Themes for transport in the National Infrastructure Assessment

UK Transport Infrastructure Summit: Session 3 

The whole of session three was devoted to the National Infrastructure Commission, which used the opportunity to survey delegates' opinions on three key questions to feed into the forthcoming National Infrastructure Assessment.

NIC commissioner Julia Prescot said the commission was set up to provide the Government with long-term strategic thinking. Its efforts at present were directed towards completing the UK's first National Infrastructure Assessment, to be published this summer.

This will focus on what the UK needs to do to 2050 in order to support sustainable economic growth; improve competitiveness; and improve the quality of life. Its recommendations must fit within a clear fiscal remit from the Treasury, so that there will be a need to prioritise.

In order to hone its ideas it asked the audience's views on three key challenges during the session.

Ms Prescot and colleagues Greg McClymont and Jonathan Hale sought to give delegates a flavour of the commission's thinking. The commission had published an interim document last year, Congestion, Capacity, Carbon, which outlined the themes which would be carried through to the NIA. These were

  • Building a digital society
  • Connected, liveable city-regions
  • Infrastructure to support housing
  • Eliminating carbon emissions from energy and waste
  • A revolution in road transport
  • Reducing the risk of drought and flooding, and
  • Financing and funding infrastructure in efficient ways.

In addition it set out 12 immediate priorities referred to earlier by commission chair Sir John Armitt, including Crossrail 2, Heathrow's third runway, upgrading the Trans-Pennine route and reaching agreement on funding Northern Powerhouse Rail.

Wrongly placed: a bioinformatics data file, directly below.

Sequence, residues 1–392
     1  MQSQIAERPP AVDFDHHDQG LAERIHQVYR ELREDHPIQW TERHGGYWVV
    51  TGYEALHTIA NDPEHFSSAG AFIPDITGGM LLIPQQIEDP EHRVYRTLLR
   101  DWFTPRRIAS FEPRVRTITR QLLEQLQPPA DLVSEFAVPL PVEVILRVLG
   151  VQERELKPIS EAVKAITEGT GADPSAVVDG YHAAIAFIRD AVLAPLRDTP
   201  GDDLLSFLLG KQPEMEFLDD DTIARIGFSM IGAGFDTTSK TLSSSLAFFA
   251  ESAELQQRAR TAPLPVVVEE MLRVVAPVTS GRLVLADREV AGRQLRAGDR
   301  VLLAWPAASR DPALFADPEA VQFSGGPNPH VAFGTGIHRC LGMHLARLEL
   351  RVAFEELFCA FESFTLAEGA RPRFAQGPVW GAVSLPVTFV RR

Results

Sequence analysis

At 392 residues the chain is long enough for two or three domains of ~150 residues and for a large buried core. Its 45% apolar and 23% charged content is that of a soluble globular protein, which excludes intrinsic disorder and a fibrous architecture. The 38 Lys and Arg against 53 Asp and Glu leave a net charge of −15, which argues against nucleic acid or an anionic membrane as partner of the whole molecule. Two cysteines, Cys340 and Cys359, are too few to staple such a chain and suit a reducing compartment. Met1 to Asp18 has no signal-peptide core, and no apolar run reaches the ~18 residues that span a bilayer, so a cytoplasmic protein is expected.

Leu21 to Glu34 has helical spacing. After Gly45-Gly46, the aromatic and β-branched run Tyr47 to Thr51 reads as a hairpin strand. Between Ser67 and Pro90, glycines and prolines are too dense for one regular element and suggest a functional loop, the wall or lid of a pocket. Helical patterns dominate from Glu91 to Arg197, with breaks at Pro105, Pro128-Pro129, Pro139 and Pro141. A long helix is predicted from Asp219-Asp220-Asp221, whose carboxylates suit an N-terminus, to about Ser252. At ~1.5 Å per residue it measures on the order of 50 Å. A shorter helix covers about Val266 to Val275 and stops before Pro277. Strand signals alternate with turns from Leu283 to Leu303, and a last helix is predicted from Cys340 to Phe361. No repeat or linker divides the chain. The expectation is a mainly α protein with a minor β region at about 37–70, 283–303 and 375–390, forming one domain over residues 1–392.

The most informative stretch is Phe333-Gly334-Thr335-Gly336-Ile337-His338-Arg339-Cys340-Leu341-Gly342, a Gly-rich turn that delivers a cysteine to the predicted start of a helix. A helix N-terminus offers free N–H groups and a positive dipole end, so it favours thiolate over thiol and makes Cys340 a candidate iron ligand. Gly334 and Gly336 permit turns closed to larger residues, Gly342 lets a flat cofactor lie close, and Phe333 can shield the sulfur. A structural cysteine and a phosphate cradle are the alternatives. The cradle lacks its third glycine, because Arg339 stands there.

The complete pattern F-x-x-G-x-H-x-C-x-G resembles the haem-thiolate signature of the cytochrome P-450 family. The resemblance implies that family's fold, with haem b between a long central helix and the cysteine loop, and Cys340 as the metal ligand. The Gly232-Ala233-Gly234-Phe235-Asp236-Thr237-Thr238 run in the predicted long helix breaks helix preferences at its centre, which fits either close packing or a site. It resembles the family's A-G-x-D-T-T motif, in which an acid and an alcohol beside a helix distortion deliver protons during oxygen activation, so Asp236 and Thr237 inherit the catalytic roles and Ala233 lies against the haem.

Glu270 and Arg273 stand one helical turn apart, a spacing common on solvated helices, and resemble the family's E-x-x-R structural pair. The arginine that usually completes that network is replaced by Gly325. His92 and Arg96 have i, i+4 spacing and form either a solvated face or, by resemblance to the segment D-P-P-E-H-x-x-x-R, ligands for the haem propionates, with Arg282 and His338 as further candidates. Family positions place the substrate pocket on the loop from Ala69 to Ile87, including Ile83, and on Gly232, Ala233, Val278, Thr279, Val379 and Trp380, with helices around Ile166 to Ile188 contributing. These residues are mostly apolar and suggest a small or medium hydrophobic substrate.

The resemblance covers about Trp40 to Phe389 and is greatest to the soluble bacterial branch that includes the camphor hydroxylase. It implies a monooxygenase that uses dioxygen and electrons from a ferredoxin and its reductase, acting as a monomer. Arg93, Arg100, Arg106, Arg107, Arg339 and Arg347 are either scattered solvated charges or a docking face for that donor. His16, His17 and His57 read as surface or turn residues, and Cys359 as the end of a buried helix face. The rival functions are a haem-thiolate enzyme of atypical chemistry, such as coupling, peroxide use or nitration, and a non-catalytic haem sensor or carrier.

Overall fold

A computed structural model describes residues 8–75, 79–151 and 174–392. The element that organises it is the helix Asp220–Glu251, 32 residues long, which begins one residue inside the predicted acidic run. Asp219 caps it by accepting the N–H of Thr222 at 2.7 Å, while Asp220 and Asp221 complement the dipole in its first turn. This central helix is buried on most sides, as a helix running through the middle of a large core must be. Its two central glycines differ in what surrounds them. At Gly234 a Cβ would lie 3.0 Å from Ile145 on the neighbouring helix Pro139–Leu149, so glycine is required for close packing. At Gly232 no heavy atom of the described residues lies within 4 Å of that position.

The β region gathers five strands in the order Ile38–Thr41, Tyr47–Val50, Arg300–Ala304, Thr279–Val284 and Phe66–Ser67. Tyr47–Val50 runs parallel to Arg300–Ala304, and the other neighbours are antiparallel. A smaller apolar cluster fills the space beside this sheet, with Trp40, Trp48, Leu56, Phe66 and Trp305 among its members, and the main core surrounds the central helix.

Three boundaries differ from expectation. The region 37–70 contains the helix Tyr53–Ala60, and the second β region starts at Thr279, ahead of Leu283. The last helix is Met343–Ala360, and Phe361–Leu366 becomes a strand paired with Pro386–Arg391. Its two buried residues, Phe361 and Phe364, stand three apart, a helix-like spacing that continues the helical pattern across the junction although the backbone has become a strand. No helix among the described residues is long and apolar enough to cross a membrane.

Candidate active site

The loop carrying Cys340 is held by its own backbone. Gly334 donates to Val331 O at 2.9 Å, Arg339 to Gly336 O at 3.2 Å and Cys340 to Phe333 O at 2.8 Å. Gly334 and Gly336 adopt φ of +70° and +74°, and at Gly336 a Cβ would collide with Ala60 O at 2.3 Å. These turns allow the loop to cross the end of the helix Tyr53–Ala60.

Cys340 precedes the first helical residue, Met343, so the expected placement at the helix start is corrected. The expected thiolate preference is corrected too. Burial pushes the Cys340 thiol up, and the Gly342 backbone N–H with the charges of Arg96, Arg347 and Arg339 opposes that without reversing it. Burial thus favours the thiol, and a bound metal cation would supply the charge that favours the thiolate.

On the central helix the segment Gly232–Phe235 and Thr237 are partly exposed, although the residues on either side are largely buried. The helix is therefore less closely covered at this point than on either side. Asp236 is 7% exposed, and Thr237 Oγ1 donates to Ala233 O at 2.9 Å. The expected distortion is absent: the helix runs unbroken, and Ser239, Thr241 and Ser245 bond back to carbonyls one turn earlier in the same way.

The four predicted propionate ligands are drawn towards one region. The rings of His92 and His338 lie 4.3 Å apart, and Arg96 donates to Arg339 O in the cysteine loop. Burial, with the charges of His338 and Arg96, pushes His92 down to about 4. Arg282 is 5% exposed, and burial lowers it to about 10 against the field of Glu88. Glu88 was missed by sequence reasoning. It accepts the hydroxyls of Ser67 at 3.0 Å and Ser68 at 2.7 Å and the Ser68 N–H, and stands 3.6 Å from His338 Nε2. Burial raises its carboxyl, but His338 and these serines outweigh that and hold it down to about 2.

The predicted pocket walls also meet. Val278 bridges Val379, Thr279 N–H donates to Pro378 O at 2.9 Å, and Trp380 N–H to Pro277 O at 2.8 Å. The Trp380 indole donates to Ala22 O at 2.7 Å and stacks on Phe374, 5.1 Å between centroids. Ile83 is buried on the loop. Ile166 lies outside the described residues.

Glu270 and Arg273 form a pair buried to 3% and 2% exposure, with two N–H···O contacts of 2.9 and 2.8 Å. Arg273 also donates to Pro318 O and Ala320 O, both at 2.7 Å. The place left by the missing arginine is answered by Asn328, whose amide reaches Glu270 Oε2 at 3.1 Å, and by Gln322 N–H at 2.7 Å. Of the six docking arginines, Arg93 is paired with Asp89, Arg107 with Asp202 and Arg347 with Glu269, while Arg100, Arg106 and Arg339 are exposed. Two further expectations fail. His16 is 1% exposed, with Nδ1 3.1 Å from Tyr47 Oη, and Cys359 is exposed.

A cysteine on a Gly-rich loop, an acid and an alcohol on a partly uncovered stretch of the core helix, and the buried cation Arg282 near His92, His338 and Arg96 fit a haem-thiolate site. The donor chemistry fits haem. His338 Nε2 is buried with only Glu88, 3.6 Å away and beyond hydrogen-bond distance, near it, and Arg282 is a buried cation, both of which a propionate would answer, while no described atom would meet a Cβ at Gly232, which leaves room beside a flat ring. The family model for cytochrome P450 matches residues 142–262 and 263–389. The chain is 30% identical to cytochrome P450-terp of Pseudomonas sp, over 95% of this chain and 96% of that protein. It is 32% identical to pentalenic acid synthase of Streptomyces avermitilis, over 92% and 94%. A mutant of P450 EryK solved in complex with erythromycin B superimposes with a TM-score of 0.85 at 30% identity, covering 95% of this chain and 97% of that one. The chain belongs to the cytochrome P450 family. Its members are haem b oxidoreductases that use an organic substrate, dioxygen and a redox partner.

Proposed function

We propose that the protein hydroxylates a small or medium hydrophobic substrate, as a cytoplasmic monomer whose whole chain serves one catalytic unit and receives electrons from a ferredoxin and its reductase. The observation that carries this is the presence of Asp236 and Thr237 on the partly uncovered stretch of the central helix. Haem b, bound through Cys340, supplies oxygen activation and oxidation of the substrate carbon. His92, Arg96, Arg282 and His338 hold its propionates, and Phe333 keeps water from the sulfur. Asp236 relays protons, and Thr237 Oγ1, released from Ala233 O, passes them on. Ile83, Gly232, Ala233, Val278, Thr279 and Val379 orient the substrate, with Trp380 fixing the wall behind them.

In recent years, there had been significant and much needed investment in the UK's transport infrastructure, including the Road Investment Strategy; Crossrail, due to open later this year; Thameslink, adding huge additional capacity; and improvements to large sections of the rail network and the modernisation of stations including Birmingham New Street.

To come was High Speed 2, and the Government had endorsed commission recommendations to develop Crossrail 2, Northern Powerhouse Rail and East-West Rail. The second Road Investment Strategy was expected to continue the pace of improvement set by the first.
But much remained to be done, said Ms Prescot.

Infrastructure constraints were holding back growth more in cities than anywhere else in the country, with increasing populations leading to higher congestion costs and greater demand for housing. "The transport networks in many of our major cities are under severe pressure, and investment has been neglected in recent years," she said.

The creation of metro mayors with new powers over land use and transport planning was a good start, but they had not yet been provided with all the tools they needed, and in particular with sources of stable, long-term funding. "They have been put in place to do an important job and they need more funding certainty and autonomy to do the job properly," she said.